A local restaurant in Japan are using beacons for their restaurant proximity marketing campaign to engage visitors.

At Airspace we like to understand how others use proximity marketing.  This case study outlines how a restaurant in Japan uses proximity to enhance the customer experience.

Eggcellent, a Tokyo restaurant that specialises in egg cuisine, uses proximity marketing, specifically iBeacons for food orders and payments.

Restaurant proximity marketing campaigns are using beacons, ibeacons to engage customersA restaurant with a feel for technology

Using Apple’s iBeacon tech, the restaurant increases the precision of location detection from store-to-store level to individual tables. Each table was equipped with a beacon, disguised in (egg-themed) porcelain, and bringing a device close booted up the menu app.

Once the beacon confirms that the user is within range the user can peruse the menu, see what friends have liked in the past (in this concept, the app would also be personalised from your social networks and phone book) and place your order.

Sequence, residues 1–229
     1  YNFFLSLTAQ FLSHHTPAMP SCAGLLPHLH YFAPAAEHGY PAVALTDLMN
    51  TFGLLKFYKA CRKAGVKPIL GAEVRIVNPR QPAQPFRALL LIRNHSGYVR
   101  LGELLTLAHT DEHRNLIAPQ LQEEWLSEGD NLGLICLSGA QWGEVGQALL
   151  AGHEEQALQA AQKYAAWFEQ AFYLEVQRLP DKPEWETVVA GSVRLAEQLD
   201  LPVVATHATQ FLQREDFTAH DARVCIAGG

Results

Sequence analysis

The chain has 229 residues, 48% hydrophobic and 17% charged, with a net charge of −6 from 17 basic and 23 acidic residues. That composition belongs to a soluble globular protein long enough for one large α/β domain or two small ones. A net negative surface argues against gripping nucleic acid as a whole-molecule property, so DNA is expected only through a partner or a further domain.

Restaurant proximity marketing, no wait, no fuss

When the user has completed their meal, they can make a quick payment using the app. No waiting, just tap to the bill and slide to pay.

Restaurant proximity marketing summary

Proximity marketing in restaurants provides a great platform for upsells. When done correctly, they can be very specific to the user over time.  For example, if you know that the user has been to your restaurant more than 3 times, and each time they have ordered a whisky and coffee after their meal, you can suggest to them an after dinner warmed liquor at their next visit.

Also, a frustration for those visiting restaurants during peek hours, is waiting for the service.  Utilising beacons at the tables allows the user to order in their own time, while still providing a personalised service.  Incorporating it into the ordering and payment process alleviates some of the pressure from the staff and improves the customer’s experience.

What we like most though is the “what your friends liked’ feature of this app. It’s not strictly beacon specific, although you need to be in proximity to a beacon to see the content, but it is a good example of apps adding real valuye to the user’s visit.